Supervisors Differ on Details of Silver Line Plan

Supervisors Differ on Details of Silver Line Plan

The Loudoun County Board of Supervisors worked out several key details of the Silver Line Comprehensive Plan Amendment in a special business meeting Nov. 29, addressing the areas surrounding the two Metro stations coming to the eastern portion of the county. With the arrival of Metro Rail expected in 2020, supervisors are hoping to optimize the potential of this opportunity.

In doing so, the Board is hoping to create the most desirable land use possible, maximize employment opportunities and tax revenues while minimizing the impacts on the county’s existing transportation systems. The Board is also looking for the new district to provide revenues to fund future Metrorail costs while limiting the impact on the county’s overall fiscal balance.

Working with county planning and financial staff, this has involved dividing the area into more than a dozen specific land use designations to optimize and balance residential and commercial needs. This includes preparing Loudoun for what will likely be the most dense, urban-styled development and growth in the history of the traditionally rural and suburban county.

With a basic framework in place, supervisors used their Nov. 29 meeting to debate the fiscal and social impacts of several major decision points while weighing the impacts of factors ranging from Washington-Dulles International Airport flight patterns to school system demands.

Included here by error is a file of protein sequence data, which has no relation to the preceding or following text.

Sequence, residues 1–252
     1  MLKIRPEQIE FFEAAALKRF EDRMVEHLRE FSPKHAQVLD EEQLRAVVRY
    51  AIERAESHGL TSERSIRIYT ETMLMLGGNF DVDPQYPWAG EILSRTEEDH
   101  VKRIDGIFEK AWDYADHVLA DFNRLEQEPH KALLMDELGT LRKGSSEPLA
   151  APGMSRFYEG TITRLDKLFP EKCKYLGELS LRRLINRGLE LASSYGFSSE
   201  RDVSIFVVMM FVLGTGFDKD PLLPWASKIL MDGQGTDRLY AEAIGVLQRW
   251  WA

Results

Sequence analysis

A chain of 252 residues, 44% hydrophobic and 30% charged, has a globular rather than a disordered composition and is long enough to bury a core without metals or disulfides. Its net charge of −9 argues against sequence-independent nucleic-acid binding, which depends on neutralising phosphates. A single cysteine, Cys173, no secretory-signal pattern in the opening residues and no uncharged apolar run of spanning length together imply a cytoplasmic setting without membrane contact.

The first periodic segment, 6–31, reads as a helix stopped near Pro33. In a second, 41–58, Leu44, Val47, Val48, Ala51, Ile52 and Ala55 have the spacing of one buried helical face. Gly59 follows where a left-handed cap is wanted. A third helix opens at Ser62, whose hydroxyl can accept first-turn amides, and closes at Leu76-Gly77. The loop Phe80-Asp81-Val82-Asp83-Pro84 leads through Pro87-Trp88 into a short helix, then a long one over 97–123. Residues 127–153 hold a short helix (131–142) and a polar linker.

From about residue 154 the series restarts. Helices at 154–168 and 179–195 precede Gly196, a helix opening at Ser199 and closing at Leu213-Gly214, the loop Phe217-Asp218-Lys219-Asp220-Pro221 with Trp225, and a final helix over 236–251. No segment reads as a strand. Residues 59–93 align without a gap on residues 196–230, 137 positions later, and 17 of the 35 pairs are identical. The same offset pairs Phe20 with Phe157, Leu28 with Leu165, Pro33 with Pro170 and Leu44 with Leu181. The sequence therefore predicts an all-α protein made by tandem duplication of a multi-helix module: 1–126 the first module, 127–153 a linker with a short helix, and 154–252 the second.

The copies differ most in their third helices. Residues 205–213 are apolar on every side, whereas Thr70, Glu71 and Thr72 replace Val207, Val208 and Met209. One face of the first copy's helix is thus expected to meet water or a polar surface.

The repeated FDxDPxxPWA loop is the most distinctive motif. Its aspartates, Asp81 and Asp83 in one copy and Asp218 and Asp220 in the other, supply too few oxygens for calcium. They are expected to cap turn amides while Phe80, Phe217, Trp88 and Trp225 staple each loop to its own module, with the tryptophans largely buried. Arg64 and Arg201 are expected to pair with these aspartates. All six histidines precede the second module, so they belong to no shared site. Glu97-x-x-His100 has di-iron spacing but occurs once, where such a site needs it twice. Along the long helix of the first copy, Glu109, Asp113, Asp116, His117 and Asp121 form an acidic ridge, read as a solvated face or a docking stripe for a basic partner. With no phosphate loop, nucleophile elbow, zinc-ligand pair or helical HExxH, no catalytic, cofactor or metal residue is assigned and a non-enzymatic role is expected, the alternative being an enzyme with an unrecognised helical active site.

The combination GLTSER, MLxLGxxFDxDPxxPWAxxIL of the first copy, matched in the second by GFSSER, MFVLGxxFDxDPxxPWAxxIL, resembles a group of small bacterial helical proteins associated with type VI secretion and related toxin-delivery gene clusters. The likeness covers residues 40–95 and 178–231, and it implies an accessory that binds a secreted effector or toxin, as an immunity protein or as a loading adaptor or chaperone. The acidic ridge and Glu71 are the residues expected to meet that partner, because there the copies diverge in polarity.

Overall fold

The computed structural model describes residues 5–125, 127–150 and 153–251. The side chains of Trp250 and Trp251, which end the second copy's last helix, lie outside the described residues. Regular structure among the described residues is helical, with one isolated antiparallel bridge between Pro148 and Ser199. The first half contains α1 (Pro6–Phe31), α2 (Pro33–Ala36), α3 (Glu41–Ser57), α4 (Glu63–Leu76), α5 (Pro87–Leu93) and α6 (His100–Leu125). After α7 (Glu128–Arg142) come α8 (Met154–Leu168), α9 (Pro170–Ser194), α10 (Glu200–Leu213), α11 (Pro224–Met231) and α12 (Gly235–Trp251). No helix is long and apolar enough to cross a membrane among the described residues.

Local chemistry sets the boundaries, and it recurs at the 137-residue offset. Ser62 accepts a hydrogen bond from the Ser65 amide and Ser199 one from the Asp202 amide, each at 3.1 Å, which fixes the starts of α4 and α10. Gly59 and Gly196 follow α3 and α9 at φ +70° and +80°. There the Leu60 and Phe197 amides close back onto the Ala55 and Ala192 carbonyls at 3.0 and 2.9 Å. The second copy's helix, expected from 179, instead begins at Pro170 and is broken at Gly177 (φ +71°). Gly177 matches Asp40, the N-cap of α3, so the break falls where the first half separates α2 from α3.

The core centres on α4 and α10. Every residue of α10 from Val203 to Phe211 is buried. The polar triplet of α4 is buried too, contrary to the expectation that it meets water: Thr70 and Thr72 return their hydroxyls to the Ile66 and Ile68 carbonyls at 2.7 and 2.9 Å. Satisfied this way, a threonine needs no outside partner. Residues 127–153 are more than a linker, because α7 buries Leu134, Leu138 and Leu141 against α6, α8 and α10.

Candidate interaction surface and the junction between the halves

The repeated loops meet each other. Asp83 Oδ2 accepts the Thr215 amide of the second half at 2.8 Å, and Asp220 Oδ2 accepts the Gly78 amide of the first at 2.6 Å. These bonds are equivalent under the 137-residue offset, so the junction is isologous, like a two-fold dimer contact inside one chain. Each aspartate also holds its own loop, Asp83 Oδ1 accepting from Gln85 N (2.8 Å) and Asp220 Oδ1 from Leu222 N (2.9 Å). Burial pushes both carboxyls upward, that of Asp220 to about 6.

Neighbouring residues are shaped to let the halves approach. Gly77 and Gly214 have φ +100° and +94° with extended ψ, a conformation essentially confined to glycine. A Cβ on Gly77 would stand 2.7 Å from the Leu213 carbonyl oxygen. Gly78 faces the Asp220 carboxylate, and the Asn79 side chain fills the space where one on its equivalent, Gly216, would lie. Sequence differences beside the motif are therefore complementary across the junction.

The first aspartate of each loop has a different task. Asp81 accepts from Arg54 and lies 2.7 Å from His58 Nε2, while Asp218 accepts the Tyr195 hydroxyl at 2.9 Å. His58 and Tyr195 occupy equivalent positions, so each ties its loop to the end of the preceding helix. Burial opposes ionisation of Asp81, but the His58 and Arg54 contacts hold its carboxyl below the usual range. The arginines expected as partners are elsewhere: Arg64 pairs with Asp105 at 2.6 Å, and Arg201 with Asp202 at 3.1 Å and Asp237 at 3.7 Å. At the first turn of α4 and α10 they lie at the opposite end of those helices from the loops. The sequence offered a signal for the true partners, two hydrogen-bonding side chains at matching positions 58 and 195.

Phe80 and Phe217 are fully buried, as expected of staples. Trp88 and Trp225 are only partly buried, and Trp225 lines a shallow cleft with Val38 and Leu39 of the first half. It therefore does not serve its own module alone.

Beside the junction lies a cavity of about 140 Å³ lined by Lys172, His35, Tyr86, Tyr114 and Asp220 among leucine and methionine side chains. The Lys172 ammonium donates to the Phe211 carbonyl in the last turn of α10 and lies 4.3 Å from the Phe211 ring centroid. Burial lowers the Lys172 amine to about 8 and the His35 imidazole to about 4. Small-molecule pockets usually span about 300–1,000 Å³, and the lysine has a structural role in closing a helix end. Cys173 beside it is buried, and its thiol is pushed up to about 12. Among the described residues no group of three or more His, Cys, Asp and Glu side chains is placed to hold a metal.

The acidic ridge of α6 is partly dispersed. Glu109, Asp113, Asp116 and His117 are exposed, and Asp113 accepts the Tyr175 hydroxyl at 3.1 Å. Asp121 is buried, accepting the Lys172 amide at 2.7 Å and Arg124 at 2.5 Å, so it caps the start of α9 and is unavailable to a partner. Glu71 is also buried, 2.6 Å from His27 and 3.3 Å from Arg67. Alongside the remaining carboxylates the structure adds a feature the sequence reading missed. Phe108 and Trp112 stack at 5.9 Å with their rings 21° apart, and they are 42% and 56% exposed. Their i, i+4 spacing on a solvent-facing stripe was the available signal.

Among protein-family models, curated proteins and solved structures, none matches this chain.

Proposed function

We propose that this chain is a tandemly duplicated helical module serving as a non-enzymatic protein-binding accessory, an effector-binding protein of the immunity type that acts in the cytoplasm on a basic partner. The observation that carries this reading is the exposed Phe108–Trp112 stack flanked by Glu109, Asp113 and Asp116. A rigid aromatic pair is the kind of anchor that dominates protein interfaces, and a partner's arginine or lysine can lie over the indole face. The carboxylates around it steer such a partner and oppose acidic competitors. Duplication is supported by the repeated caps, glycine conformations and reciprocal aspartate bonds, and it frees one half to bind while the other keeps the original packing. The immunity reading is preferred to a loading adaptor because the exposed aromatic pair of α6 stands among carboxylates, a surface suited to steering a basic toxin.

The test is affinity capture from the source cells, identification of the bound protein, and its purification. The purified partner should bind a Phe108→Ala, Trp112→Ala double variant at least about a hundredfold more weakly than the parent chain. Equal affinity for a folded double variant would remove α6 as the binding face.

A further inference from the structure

A point of contention in the meeting was over a few strips of land along the eastern side of Loudoun County Parkway that could be impacted by airplane noise. The Board adopted a plan by a 6-3 vote to allow mixed use residential in this area, citing the positive impacts as outweighing the negligible affect noise would have on residential quality of life.

“I want to protect the airport, but we have a tax district we have to get moving as fast as possible,” said Board Chair Phyllis Randall (D-At Large). “The difference of revenue generating homes is significant.”

Kristen Umstattd (D-Leesburg) was one of the three dissenting votes, calling it “disastrous” for the airport. She was joined by Matt Letourneau (R-Dulles) and Ralph Buona (R-Ashburn), who cited their aviation backgrounds and the potential for noise from a planned airport runway, in voting against it.

“We have to protect the future and we’re only giving up a small sliver,” Buona said.

The Board’s actions follows a meeting earlier this month by the Transportation and Land Use Committee’s (TLUC) that worked out several details on the plan. Voting 6-2-1, supervisors reversed a recommendation by TLUC to remove townhomes from Urban Residential designated areas. County staff advocated for the Board’s decision, saying the townhomes would put more people in the area, therby increasing the tax base and providing diversity in the housing pattern. Staff also said townhomes attract fewer school-aged children than other potential housing uses, reducing the county’s potential education costs, one of the largest financial needs the government faces.

Randall said the decision to allow increased townhomes would be a net positive for the county and it should look for higher density closer to the Metro station. In opposing the motion, Ron Meyer (R- Broad Run) said the plan didn’t accurately forecast the number of school children the townhomes would attract and the county would be on the hook to finance it. He was joined in opposition by Umstattd. Letourneau abstained on the vote.